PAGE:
Gifts Under $30 Gifts Under $50 National Cookie Day 'Bones/No Bones' Dog Dies iPhone Emergency SOS Saves Man MyHeritage 'Time Machine' Guardians of the Galaxy 3 Trailer Indiana Jones 5 Trailer
Want CNET to notify you of price drops and the latest stories?
No, thank you

Meet the FedEx math whiz who predicted Linsanity

Ed Weiland thought Jeremy Lin's numbers looked impressive, so he published his thoughts on a basketball site--in 2010. No one cared. But now that site can't handle the traffic.

Screenshot: Chris Matyszczyk/CNET

Those who use numbers to define life frighten me. Especially when they're right.

How, then, might Ed Weiland be feeling this week when his numerical analysis-- one that no one believed-- came true over the last two weeks? Yes, this is man who had a feeling--no, a certainty-- that Linsanity was going to happen.

Should you have been an unusually devoted fan of the Charlotte Bobcats lately, you might not have noticed that the NBA has gone all Lin, all the time.

Jeremy Lin, the Harvard-educated Taiwanese-American, has brought things to the New York Knicks that were in short supply: grace, skill and unselfishness, for example.

No one saw it coming-- certainly not the coaches of my own Golden State Warriors, who tossed him aside this year in the hope of landing someone freakishly tall who could shoot free throws.

Weiland, though, saw things the alleged professionals didn't. He is a 51-year-old FedEx driver who enjoys numbers and basketball. Instead of playing fantasy, he analyzes the truth in digits and then draws conclusions.

When he looked at Lin in 2010, he published his findings on the specialist site Hoops Analyst. It was ignored. This week, according to the Wall Street Journal, the site has been crashing. Indeed, when I just tried to load it, it turned its head away in disgust.

The thing about rational analysis is that you have to know which numbers to look at. In Weiland's case, he saw that Lin's two-point field-goal percentage and his RSB40 (rebounds, steals and blocks per 40 minutes) were as good as those of former greats like Gary Payton, Penny Hardaway and Jason Kidd.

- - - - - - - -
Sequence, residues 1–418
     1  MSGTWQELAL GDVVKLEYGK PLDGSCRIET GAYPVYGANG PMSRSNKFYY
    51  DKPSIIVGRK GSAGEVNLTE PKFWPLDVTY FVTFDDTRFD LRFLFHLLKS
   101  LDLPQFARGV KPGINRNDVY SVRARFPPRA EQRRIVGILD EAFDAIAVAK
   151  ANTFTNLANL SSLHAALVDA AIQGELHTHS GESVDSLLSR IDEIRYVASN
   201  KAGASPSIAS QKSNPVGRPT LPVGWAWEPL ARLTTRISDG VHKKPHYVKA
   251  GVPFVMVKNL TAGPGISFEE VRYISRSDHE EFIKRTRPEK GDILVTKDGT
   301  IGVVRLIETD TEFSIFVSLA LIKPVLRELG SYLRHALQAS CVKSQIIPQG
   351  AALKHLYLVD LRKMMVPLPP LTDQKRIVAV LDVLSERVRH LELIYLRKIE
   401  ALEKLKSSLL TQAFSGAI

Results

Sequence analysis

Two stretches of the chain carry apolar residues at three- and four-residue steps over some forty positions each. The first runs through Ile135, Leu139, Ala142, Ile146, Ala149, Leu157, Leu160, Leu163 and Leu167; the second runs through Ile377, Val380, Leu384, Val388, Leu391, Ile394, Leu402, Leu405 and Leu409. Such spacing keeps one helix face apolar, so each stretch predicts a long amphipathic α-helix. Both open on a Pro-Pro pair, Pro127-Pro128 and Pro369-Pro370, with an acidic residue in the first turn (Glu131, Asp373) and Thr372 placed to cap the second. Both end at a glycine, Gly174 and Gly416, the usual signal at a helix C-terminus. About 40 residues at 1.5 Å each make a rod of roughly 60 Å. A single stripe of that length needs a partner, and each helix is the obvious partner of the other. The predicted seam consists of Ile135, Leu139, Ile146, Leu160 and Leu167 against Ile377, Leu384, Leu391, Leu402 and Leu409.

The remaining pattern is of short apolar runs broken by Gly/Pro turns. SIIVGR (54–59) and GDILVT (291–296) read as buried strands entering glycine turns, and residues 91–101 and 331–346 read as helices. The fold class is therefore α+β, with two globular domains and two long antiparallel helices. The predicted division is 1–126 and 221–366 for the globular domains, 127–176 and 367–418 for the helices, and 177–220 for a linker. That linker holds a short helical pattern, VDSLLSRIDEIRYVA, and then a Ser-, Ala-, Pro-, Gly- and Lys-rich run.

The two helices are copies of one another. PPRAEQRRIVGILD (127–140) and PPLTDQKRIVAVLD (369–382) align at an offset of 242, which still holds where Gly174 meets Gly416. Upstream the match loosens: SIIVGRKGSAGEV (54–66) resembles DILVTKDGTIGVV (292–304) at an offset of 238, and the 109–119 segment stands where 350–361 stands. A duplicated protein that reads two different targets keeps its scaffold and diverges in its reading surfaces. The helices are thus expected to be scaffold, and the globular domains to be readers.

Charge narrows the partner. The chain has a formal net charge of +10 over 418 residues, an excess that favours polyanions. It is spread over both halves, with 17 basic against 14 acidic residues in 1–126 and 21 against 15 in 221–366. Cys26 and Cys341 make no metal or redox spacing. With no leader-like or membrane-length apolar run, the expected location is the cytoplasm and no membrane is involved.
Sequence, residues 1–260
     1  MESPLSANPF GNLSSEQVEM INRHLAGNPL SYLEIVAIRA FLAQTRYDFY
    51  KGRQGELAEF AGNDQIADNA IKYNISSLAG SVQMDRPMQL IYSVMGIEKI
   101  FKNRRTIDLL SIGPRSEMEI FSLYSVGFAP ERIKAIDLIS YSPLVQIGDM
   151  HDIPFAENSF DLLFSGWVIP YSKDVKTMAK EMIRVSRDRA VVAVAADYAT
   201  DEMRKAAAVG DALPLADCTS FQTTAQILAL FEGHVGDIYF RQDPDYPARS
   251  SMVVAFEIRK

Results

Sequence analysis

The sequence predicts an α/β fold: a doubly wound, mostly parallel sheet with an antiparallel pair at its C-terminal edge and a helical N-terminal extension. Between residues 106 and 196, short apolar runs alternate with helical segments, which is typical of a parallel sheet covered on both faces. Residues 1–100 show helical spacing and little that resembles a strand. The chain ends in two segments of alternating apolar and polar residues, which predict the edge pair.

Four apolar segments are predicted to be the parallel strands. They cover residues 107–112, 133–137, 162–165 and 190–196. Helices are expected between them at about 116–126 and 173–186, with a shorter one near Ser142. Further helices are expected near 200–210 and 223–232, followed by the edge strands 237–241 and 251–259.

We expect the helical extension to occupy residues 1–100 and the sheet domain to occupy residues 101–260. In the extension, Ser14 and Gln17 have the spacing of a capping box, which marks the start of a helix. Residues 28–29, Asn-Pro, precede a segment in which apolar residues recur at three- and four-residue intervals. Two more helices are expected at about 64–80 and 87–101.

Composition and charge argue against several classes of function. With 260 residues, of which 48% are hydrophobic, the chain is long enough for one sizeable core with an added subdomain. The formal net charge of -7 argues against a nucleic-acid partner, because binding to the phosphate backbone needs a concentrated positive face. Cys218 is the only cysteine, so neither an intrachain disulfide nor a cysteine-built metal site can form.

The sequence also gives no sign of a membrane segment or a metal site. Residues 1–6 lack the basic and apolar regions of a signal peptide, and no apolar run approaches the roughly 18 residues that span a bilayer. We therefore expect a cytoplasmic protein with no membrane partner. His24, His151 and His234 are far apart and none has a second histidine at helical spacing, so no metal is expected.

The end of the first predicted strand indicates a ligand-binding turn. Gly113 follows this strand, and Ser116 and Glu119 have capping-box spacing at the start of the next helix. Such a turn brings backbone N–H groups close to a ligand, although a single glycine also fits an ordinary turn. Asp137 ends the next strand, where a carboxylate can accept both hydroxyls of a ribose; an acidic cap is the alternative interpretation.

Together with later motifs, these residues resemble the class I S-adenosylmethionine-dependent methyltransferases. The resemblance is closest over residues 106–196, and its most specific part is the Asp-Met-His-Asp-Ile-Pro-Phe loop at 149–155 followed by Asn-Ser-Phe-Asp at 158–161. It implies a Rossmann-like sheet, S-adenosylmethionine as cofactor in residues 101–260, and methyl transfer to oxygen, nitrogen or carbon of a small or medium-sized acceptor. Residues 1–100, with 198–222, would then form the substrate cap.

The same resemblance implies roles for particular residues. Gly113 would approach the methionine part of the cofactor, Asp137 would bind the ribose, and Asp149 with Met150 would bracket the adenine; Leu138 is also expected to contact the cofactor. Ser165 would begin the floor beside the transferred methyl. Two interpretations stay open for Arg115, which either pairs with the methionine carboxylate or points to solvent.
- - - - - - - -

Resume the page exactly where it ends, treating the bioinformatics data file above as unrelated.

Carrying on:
Which led him to write this for Hoops Analyst in 2010: "Jeremy Lin might be the #2 PG available in this draft. If he can get the passing thing down and handle the point, Jeremy Lin is a good enough player to start in the NBA and possibly star."

At that time, Yahoo's PostGame quotes him as writing: "I thought Jeremy Lin would be a good guy to start with, because he's the one player I probably differ on with the rest of the draft pundits by the biggest margin."

Lin was ignored. It can't have helped that he went to Harvard and therefore was in danger of having a brain. But even watching him on the Warriors, one had a sense of someone desperately trying to please confused coaches rather than playing his own game.

Even in businesses where numbers are supposed to tell the whole story, it's often the case that everyone looks at the same numbers in order to draw conclusions. New numbers sometimes materialize. For example, the NBA has adopted hockey's plus/minus number in order to suggest that some players have a winning effect on a team.

Yet when someone looks at particular (and seemingly relevant) numbers and offers interpretation, that analysis can be ignored, because those don't seem to be the numbers that hold received wisdom.

With tech companies, the received wisdom is that everything will now be social, so numbers materialize that justify that theory. But could it be that more Ed Weilands are needed in the business world, in order to suggest which numbers might really mean something and which are merely padding for someone's entirely egotistical theory?

Screenshot: Chris Matyszczyk/CNET